Potential seen for drone-spraying in agricultural fields

While drones were initially used in agriculture primarily for collecting crop and field-condition data, Auburn University researcher Steve Li is leading an effort to explore how the small, remotely piloted aircraft can be used to apply pesticides and other farm chemicals.

The practice already is being used in other parts of the world, accounting for about 30% of the agricultural spraying in South Korea. In addition, 40% of Japan’s rice crop is sprayed using drones. According to the Association for Uncrewed Vehicle Systems International, a nonprofit trade group, agriculture could soon account for 80% of the global commercial drone market.

Drone spraying may be in its infancy in the U.S., but Li sees potential for its use here.

“We began working with drones and precision technologies about three years ago,” said Li, who is an associate professor in the Auburn University College of Agriculture’s Department of Crop, Soil and Environmental Sciences and a weed specialist with the Alabama Cooperative Extension System. He is also a researcher with the Alabama Agricultural Experiment Station.

Li and his team of graduate students now focus on using drones to deliver crop protection chemicals like herbicides, fungicides, insecticides and other chemicals used in farming operations.

“We evaluate the application efficacy of spray drones versus conventional application methods such as airplanes and ground sprayers,” Li said. “We optimize flight and spray parameters of spray drones, and we quantify and mitigate spray drift and balance coverage versus drift.”

The researchers also use drones to identify weed infestations on the ground and then deploy spray drones to spray infested spots precisely to save on herbicide costs and reduce environmental impacts.

Other research projects, Li said, include spreading cover crop seeds and fertilizers aerially with drones.

There are multiple benefits to spraying agricultural fields with a drone, he said.
“Drones allow us to spray a crop when the field is too wet after rains, they can spray small, odd shaped fields better than airplanes and ground sprayers, they handle hilly terrain and terraces very well, and they use much less fuel than ground sprayers and airplanes,” Li said.

Other benefits to drone spraying, he said, is their ease of use—they do not require prior aviation knowledge with fixed wing airplanes or helicopters. Also, they do not cause physical damage to the crop and do not cause soil compaction or create gullies when the soil is wet.

“Drones are much less expensive than ground sprayers and airplanes, the maintenance required is low, they are simple to repair and change parts without special training and knowledge, and it is easy to transport drones on highways, roads and over long distances.”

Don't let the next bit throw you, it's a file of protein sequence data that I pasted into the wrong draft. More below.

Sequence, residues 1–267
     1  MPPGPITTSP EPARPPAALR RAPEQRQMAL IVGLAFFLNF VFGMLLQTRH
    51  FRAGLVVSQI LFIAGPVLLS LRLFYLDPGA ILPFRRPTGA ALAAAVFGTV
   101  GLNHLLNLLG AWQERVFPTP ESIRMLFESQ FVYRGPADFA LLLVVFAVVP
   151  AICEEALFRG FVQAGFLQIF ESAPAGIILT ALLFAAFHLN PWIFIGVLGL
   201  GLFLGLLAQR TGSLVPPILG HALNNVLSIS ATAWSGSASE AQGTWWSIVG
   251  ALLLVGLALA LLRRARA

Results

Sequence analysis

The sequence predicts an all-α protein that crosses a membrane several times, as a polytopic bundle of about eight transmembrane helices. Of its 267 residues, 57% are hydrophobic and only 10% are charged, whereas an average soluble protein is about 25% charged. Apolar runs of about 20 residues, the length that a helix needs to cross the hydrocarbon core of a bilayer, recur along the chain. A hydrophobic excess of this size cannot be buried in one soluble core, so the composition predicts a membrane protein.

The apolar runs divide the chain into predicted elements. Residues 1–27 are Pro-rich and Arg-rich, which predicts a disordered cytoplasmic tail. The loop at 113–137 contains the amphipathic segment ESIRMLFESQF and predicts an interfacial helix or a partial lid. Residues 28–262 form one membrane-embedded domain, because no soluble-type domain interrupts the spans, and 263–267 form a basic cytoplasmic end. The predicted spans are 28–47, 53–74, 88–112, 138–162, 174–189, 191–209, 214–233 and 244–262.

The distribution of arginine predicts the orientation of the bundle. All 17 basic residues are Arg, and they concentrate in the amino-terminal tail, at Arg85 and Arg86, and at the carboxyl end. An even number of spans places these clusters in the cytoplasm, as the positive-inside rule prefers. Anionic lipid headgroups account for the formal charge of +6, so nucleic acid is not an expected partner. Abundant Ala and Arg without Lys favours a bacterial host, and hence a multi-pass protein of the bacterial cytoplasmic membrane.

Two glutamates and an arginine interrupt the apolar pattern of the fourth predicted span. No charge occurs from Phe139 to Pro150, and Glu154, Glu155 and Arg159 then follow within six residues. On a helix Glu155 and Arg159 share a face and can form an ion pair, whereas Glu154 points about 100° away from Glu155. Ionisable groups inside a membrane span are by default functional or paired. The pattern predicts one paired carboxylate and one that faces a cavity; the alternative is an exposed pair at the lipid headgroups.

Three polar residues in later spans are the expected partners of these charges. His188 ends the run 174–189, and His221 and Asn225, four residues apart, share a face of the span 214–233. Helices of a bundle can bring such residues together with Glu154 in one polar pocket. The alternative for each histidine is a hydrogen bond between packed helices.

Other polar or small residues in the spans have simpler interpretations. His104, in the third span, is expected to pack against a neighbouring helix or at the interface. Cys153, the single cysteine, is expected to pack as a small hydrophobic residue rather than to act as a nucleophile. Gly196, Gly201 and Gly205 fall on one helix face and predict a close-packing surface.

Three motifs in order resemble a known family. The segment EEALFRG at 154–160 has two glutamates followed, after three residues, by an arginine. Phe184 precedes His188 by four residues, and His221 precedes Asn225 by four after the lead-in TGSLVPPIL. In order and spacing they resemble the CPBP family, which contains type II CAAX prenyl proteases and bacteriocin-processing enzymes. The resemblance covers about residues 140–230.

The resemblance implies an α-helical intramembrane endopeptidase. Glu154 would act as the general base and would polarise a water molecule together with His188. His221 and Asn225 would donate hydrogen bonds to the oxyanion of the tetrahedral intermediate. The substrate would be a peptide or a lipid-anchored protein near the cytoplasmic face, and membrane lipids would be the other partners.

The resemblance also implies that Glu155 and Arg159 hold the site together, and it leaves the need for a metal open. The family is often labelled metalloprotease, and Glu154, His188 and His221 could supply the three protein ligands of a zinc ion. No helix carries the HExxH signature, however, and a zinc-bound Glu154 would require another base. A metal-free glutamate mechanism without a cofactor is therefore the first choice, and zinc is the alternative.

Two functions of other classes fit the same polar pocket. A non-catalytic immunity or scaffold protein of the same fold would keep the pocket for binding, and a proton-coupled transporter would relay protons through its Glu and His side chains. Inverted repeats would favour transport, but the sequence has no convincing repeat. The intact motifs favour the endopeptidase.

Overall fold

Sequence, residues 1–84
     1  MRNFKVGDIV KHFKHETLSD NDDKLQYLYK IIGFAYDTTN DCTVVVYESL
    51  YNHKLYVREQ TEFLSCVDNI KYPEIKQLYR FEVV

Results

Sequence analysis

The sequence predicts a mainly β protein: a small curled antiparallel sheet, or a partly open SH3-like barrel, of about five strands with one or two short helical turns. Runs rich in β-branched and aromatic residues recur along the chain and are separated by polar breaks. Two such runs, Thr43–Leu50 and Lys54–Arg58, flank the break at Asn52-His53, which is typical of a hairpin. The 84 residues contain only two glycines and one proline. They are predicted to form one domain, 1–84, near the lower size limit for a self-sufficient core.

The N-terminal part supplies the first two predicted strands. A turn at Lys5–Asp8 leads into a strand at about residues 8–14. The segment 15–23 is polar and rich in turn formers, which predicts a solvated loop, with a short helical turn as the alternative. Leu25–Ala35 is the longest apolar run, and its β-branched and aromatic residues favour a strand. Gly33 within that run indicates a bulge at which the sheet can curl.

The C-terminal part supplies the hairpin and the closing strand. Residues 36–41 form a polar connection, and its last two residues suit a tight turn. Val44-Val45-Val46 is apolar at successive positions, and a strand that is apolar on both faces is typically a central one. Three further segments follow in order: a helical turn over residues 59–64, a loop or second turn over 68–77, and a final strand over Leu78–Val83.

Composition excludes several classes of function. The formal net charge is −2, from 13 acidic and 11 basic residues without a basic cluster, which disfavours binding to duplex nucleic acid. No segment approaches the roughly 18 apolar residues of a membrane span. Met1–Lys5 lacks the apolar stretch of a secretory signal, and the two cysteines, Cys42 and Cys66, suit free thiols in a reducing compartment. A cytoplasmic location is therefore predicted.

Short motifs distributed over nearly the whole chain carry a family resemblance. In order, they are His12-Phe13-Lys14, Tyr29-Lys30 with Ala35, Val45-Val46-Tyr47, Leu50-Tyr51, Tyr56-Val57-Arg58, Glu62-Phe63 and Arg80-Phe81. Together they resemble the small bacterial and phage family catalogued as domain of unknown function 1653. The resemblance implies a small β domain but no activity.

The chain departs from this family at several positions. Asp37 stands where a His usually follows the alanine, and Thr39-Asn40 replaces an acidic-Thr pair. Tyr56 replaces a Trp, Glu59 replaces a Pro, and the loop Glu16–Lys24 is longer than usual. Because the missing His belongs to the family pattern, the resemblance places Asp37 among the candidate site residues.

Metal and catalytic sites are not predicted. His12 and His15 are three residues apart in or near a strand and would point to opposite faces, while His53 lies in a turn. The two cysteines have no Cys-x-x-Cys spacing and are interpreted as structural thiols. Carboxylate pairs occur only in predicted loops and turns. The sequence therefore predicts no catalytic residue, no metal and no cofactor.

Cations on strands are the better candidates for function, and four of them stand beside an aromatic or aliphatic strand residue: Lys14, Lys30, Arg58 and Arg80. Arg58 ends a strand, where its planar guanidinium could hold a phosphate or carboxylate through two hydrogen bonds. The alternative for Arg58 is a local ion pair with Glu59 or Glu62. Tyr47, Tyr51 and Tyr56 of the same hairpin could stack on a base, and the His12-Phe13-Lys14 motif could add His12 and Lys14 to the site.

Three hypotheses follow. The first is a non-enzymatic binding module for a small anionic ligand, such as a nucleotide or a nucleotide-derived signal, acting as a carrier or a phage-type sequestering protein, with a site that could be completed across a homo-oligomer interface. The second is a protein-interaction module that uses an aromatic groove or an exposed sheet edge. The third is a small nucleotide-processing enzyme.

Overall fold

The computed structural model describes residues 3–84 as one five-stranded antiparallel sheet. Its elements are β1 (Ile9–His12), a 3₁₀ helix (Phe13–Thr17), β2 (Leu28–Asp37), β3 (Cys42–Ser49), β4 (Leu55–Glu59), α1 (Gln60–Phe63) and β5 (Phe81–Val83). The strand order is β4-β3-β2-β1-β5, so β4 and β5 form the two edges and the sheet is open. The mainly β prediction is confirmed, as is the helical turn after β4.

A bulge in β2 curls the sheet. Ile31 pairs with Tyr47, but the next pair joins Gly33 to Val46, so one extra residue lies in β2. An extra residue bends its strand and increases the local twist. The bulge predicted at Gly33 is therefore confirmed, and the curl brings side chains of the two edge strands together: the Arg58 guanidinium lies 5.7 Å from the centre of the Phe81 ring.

Drones can be beneficial on both large-scale and smaller farms, Li said, but they may have a niche on small farmers due to the economics involved. Spray drones cost only a fraction of large self-propelled ground sprayers.

While the benefits are numerous, Li’s research also has revealed some limitations to using drones for agricultural spraying.

“Battery life and tank size are still less than ideal and midair collision is always a concern,” he said. “Other disadvantages at the present time include signal loss, forced landings, overheating and equipment depreciation because they are considered electronics.”

Also, there are few makes and models to choose from and not enough training opportunities, he said.

The flagship models of drone agricultural sprayers can cost from $35,000 to $55,000. Thanks to Li and his partnership with Agri Spray Drones, Auburn University was the first land-grant institution in the United States to use the new DJI Agras T40 spray drone in agricultural research.

Li sees hardware limitations and FAA regulations as the two biggest hurdles for farmers hoping to convert from conventional to drone spraying.

“The end goal is not to replace current application methods but to find a reasonable and complementary way to work spray drones into the field management equation.”

As with commercial pesticide applications, Li advises growers to always follow product labels and obtain required licenses from the FAA and state department of agriculture when applying materials with a drone.

Li has received multiple grants for his drone research, including commodity grants from Alabama Farmers Federation check-off dollars, the National Peanut Board and crop protection industry. He recently received the Rittenour Award for Production Agriculture & Forestry Research presented by the Alabama Farmers Federation. The award recognizes Auburn faculty for creative research. He received $10,000 from the Alabama Farmers Agriculture Foundation to continue his drone presentations and on-farm research that has helped farmers across commodities harness innovative technology for crop protection.


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<p><a href="https://agriculture.auburn.edu/author/holliplauburn-edu/" target="_self">Paul Hollis</a></p>

Paul Hollis

Paul Hollis is a communications specialist with the College of Agriculture and program coordinator and instructor for the Agricultural Communications program. He received his bachelor's and master's degrees from Auburn University.

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